Every now and again, an indy game comes along that is so morbid and ridiculous that only a true sicko could ever possibly appreciate the complete and utter weirdness of the game. Nine times out of ten, I am that sicko. Today, Who's Your Daddy joins the ranks of Goat Simulator and Who's Your Daddy in the Morbidly Hilarious Video Game Hall of Fame. I can't help it, my enjoyment of these games must be genetic.
Guts and Glory is classified on Steam as a "racing" game but it's more like an obstacle course. Pick your racer and try not to die. At one point in time, I was playing as a loving father with his toddler sitting on the seat on that back of his bike and a cannon shot the poor kid clean off. Another time I was a family driving through a parking lot when I suddenly was blown to bits by a landmine. Still another anecdote from this is when I was playing as a man who made a jet chair by attaching a propane tank to the back and I hit the sky barrier, then came straight down to get an achievement. Each and every one of these scenarios got a riotous laughter from my audience. This is one of those rare games that is just as fun to watch as it is to play. It's gory, it's gruesome, it's entirely in bad taste, and I couldn't be happier.
Guts and Glory is available on Steam for $14.99.
There are many stories involved with the tracks included with the game. One involves a father and a son preparing their town for the annual Guts and Glory Race. Another involves Earl the Redneck and his zany antics as he shows those rich snobs on the hill some local color. There's also Larry the rocket scientist who invented his rocket chair while high on LSD. Or perhaps you'd prefer the Yang family as they go on vacation to an amusement park that makes Itchy and Scratchy land look like the kiddie rides at King's Island. The only story you get is in the loading screens between the levels, but this is a game you play for the insanity of the gameplay, not the intricacies of the story.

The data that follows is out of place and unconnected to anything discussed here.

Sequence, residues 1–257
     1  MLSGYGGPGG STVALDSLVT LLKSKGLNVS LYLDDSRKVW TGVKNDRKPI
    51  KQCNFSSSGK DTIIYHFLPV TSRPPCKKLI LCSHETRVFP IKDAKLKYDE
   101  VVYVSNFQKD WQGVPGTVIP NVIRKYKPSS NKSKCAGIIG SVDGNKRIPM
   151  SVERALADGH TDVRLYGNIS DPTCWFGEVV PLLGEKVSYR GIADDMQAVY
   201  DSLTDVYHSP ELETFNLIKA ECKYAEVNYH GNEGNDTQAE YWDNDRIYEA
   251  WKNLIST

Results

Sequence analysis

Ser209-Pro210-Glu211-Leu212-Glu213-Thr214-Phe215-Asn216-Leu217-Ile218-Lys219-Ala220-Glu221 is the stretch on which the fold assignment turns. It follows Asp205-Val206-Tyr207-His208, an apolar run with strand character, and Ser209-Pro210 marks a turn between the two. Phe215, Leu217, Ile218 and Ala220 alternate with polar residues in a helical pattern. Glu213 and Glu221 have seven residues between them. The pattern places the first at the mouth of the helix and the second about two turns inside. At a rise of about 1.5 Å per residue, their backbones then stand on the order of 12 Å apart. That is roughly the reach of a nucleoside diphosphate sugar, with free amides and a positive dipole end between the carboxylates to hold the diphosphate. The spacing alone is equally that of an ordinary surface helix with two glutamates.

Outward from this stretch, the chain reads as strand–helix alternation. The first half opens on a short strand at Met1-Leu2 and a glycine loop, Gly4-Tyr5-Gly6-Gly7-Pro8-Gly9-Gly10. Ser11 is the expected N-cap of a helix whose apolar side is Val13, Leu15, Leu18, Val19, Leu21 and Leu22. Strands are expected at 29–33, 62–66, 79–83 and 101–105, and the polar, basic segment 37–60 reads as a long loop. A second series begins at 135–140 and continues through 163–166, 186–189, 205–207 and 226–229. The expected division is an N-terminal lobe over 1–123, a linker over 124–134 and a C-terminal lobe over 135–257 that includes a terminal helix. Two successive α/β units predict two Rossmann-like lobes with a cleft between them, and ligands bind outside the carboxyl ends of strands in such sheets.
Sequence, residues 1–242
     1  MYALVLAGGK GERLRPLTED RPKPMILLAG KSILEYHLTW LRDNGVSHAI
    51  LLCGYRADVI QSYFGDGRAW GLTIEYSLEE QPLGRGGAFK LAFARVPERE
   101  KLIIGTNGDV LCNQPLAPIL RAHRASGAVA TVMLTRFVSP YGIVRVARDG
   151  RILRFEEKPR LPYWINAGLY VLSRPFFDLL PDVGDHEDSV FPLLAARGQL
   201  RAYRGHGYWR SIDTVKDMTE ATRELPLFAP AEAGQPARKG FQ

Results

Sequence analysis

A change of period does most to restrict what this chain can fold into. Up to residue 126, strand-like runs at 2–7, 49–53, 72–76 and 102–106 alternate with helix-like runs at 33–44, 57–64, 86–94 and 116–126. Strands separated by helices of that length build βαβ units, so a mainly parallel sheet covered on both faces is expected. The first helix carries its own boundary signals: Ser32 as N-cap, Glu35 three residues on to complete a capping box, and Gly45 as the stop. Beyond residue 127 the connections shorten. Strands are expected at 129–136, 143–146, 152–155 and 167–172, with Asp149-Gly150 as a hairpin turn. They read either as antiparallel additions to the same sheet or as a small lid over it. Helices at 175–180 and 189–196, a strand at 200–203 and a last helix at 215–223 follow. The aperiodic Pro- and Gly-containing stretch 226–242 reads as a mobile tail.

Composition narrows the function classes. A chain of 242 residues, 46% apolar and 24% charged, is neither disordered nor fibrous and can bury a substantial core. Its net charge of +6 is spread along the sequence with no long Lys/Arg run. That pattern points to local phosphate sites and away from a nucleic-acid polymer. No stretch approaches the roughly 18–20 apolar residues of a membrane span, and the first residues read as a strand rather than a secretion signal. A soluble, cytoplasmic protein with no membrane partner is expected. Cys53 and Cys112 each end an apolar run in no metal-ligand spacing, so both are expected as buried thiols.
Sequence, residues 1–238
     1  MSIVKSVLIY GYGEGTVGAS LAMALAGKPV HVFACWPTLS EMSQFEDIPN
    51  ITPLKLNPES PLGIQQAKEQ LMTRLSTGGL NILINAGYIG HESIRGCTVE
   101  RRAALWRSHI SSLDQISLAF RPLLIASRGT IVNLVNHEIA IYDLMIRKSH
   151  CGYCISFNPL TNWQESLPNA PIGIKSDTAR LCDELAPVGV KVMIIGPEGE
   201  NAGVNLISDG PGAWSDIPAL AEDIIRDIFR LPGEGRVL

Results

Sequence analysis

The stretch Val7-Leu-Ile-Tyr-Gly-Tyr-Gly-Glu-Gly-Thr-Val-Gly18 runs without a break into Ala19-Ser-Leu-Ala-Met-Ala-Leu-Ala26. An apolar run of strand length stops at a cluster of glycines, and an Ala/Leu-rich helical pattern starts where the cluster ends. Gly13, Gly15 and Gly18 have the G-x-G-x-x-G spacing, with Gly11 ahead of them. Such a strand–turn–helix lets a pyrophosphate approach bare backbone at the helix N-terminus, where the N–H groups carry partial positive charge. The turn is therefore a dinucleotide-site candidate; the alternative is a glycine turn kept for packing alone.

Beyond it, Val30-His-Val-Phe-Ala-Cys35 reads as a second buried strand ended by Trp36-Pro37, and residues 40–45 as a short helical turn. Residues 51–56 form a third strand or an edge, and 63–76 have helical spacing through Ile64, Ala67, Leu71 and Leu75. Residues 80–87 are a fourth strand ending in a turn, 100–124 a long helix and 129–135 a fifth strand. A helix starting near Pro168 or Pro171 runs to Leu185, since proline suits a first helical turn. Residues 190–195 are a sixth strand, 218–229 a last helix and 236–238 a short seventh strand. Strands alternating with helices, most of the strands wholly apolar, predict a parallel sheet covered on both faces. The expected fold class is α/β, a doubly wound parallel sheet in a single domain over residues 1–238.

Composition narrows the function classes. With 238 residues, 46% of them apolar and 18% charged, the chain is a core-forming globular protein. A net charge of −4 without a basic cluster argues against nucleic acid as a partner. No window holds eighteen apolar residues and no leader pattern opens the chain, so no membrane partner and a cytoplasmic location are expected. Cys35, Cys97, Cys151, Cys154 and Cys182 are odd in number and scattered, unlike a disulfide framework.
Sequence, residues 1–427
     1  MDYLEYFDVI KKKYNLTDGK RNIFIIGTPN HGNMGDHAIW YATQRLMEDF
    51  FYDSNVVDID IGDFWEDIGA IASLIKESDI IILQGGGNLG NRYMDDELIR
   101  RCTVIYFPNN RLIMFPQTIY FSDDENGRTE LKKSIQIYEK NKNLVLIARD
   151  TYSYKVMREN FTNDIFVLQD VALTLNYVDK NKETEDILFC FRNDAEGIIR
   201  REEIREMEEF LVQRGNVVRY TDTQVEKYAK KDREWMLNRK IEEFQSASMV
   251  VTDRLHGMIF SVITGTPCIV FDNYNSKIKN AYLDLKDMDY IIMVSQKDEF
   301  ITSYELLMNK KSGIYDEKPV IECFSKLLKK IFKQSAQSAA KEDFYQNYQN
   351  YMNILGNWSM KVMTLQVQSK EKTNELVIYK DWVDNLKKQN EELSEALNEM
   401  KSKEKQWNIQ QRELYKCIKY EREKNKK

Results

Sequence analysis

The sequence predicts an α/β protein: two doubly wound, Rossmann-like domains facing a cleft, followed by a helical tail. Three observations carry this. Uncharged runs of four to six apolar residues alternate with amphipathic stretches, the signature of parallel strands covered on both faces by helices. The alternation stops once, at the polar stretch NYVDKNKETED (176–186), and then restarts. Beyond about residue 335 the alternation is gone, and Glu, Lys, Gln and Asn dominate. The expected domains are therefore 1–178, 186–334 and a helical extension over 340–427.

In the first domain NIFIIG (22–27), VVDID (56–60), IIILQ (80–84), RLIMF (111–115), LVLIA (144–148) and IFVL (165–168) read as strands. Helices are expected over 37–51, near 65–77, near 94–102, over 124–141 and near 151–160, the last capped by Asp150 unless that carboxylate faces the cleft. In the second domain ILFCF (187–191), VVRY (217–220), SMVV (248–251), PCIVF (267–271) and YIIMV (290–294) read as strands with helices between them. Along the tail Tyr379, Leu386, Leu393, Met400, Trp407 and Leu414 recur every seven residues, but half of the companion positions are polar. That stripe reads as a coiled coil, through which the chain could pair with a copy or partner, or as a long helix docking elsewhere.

As I said before, this is more of an obstacle course or a time trial game rather than a racing game. There are several characters available, each of which has their own unique feel and play style. You could do John and Jimmy, who is slower but a lot more relatable. You could do the Yang family, which is a family car that can do some insane Tokyo drift, or you could do Larry who flies in a homemade rocket chair. Each one has their own unique feel and style that lends themselves to traversing a horrid landscape of crossbows, cannons, and landmines. It isn't just point A to point B though, you have to go through several checkpoints on the way to try to get the fastest time. One of the things I like the most about this game is the fact that at the "save" checkpoints, it saves your time and you respawn at that point if you die until you finish the level. It gives this normally harsh and unforgiving game just that little bit of giving that helps you feel like you're making progress even as you are repeatedly impaled, sliced to ribbons, and blown to shreds.
Now, and this is important, be sure to play this on a controller because the keyboard and mouse support is ass. Half of the essential controls aren't even mapped to buttons and it's just a pain to deal with.
Choose your track